Fr. Edmunds Pastoral Notes…
Taking Christ’s yoke…
Some time ago, I joined several ministers and priests in a pilgrimage to Greece and Turkey dubbed as In the Footsteps of St. Paul. When we arrived in Athens, our tour guide gave each one of us a komboli, known outside of Greece as worry beads. In that part of the world, the souvenir string of beads is said to be resorted to in times of worry, boredom and tension. In our Christian tradition, we have our own version of the Holy Rosary which is used not only as an aid for prayer but as an emblem of our faith. In a way, we tend to resort more to prayer in times of trials and tribulations. We tend to cry out for God’s intervention when we find ourselves carrying seemingly unbearable burdens. Our faith dictates that we are open to God in prayer in good times and in bad.
In this Sunday’s gospel, Jesus proposes an alternative way of dealing with life when it seems overburdened by trouble and anxiety. Let me quote straight from the Sacred Heart of Jesus: Come to me, all you that are weary and are carrying heavy burdens and I will give you rest. Take my yoke upon you and learn from me; for I am gentle and humble in heart and you will find rest for your souls. For my yoke is easy, and my burden is light.”
Jesus proposes to us an approach to life’s challenges based on the spirit of humility and reliance on God’s strength and power. The approach is founded on a life that is open to God, with whom we can let go off our burdens. It is anchored on a spirituality that sees crosses as glorious crosses. It is inspired by a life that that has used the cross as a symbol victory. It is a lifestyle that sees problems as opportunities for growth and maturity, believing that God always makes use of crises and difficulties in our lives as ways of making us seek His kingdom more closely and more personally.
It is a different approach to what our world offers with its sense of control, domination and violence. It is the way of love instead of domination, of letting go instead of controlling, of peace and nonviolence instead of violence. By his becoming human, he humbles himself to encounter us as one of us, sharing our burdens and welcoming all who come to him. Jesus offers his own kind of yoke that lightens our life’s burdens and shows us the way to eternal life. A yoke is a tool that enables the one who uses it to manage a burden that would be impossible without it.
Fr Edmund’s Parish Update.
For now, the Blessed Sacrament will be exposed at the main church on Thursday & Friday, 10am to 6pm for private silent adoration and prayer. Please share this information to as many people as possible to come to adore the Lord in the Eucharist in the main nave of our church . We have to start from this and move towards the re-establishment of the Perpetual Eucharistic Adoration program in the parish. There is a definite need to start a new catechetical campaign on the Eucharist and adoration for the would-be 168 committed adorers. The community aspect, for one, has to be emphasized. We have to come up with a program of community building and education, including periodic meeting/reflection to sustain zeal and enthusiasm. Aside from the volunteer component, we have to re-visit the current Adoration Chapel itself, including its safety, security and its wheel-chair accessibility. Re-location can be a real option. In a way, the pandemic gives us an opportunity to transform this devotion as a powerful component of parish ministry. It needs a lot of preparation and ongoing work to make it really work. The adhoc committee is still open for those interested.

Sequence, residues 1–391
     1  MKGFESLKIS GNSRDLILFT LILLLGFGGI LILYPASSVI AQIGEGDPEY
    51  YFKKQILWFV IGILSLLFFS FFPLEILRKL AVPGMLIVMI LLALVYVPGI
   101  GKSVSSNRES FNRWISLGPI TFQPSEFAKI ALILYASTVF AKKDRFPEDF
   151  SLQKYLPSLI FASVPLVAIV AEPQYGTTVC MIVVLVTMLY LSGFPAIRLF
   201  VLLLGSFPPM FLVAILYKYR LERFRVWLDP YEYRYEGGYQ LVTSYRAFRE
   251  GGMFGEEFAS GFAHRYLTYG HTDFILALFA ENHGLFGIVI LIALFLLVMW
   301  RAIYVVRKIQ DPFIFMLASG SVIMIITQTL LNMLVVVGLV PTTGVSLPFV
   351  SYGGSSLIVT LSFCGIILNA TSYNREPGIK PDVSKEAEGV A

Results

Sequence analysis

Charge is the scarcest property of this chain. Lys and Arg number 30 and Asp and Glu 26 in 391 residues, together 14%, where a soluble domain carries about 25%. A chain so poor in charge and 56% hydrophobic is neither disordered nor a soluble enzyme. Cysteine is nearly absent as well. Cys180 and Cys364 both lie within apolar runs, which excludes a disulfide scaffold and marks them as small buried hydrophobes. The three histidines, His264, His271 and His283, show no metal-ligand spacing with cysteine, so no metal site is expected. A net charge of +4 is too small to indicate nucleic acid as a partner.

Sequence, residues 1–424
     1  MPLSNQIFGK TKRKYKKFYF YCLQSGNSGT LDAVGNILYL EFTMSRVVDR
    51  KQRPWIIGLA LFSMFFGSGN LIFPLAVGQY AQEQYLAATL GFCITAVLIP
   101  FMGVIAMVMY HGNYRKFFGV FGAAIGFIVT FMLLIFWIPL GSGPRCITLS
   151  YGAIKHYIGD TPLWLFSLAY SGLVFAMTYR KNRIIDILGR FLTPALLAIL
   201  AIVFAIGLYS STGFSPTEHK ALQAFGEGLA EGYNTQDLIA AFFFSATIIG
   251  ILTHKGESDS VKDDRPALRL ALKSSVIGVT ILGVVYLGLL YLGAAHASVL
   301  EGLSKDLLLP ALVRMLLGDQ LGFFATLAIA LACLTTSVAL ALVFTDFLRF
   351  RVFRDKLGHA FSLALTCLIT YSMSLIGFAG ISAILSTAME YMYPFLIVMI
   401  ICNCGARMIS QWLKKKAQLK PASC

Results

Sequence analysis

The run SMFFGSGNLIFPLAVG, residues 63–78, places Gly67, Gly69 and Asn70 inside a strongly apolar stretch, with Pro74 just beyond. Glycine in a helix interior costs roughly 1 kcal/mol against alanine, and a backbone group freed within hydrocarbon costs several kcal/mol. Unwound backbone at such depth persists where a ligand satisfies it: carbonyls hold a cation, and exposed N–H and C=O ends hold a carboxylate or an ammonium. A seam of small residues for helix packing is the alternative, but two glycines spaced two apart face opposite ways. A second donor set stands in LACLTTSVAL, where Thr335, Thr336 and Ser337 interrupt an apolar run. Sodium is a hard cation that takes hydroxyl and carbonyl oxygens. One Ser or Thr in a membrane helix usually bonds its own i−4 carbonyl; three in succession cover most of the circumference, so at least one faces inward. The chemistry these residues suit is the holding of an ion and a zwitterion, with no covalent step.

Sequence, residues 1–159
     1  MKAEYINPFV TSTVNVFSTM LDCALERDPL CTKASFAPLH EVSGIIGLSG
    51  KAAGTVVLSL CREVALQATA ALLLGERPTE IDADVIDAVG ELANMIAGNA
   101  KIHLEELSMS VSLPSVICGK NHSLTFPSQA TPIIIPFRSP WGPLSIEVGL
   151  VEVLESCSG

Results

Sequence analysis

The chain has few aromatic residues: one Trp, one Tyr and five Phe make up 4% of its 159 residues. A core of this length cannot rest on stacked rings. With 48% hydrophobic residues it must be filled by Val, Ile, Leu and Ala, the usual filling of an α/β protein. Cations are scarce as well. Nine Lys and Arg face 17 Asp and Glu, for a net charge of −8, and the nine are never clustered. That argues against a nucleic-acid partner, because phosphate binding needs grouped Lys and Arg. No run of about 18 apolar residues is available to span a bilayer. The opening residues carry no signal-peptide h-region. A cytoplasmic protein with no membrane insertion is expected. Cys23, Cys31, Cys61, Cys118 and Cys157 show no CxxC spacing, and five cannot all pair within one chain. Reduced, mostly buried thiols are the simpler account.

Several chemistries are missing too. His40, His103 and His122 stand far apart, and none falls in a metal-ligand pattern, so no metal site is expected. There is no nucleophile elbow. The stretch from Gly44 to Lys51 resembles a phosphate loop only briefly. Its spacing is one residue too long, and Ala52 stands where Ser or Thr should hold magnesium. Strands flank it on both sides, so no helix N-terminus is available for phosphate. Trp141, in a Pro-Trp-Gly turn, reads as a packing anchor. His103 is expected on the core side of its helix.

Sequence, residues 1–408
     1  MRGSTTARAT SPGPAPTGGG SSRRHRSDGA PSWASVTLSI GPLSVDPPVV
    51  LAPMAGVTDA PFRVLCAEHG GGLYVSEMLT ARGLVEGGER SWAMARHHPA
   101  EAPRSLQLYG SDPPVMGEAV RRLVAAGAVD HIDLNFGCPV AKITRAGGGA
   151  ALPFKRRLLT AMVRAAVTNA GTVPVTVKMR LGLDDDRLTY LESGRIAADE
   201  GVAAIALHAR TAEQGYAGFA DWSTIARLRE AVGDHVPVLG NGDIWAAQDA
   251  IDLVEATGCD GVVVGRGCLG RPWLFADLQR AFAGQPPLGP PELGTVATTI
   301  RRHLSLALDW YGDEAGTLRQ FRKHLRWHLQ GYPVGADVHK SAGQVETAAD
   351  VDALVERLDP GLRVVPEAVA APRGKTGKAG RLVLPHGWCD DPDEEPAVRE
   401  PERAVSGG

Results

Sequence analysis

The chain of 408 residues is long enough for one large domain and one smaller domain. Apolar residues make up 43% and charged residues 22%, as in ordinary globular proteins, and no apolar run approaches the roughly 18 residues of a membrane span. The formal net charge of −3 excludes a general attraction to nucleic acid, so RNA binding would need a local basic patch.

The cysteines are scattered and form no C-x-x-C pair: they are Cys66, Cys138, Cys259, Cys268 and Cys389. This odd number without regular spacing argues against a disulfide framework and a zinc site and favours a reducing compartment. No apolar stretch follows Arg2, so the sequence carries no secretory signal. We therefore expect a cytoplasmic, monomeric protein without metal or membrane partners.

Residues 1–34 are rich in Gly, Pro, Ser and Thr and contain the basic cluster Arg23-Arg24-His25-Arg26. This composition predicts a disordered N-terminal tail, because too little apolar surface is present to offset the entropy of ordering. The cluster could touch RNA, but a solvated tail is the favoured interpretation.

We are looking at affiliating our Parish Pantry with the Society of St Vincent de Paul network in our diocese. The move is to afford our outreach program a form of spirituality (how it is connected to our church community and our personal faith). There is an officially assigned diocesan spiritual director who provides spiritual guidance to its officers and members. The move also gives us access to existent organizational structures that can guide us in running this important parish apostolate. The move also gives an opportunity to re-visit our volunteer screening protocols mandated by the “Strengthening Communities” program of the diocese. On a later date, we will call a meeting of all current volunteers of our Parish Pantry and other parishioners who are interested in this pro-poor program.
In response to a diocesan communication, our parish is participating in a new Refugee Program for a family of four (4) from the Turkey area. Mary Ann Donaleshen is coordinating with Mirna Farahat who works with Antoinette at CCIS. The program will eventually require volunteers as well as financial contributions. Those who are interested to volunteer or to contribute can contact Fr Edmund directly. We will post more details as soon as they become available. For now, please pray for this particular refugee family and other families for their freedom.
Please continue to support our parish with its financial challenges at this time of the pandemic. As matter of urgency, we need volunteers to come forward for many of our ministries. If you are interested at all, please contact Fr Edmund directly.
We pray for health, healing and holiness.
Please contact Fr. Edmund by phone (403 252-1137) or email (firstname.lastname@example.org) or text (403 8742015) for any need or concern.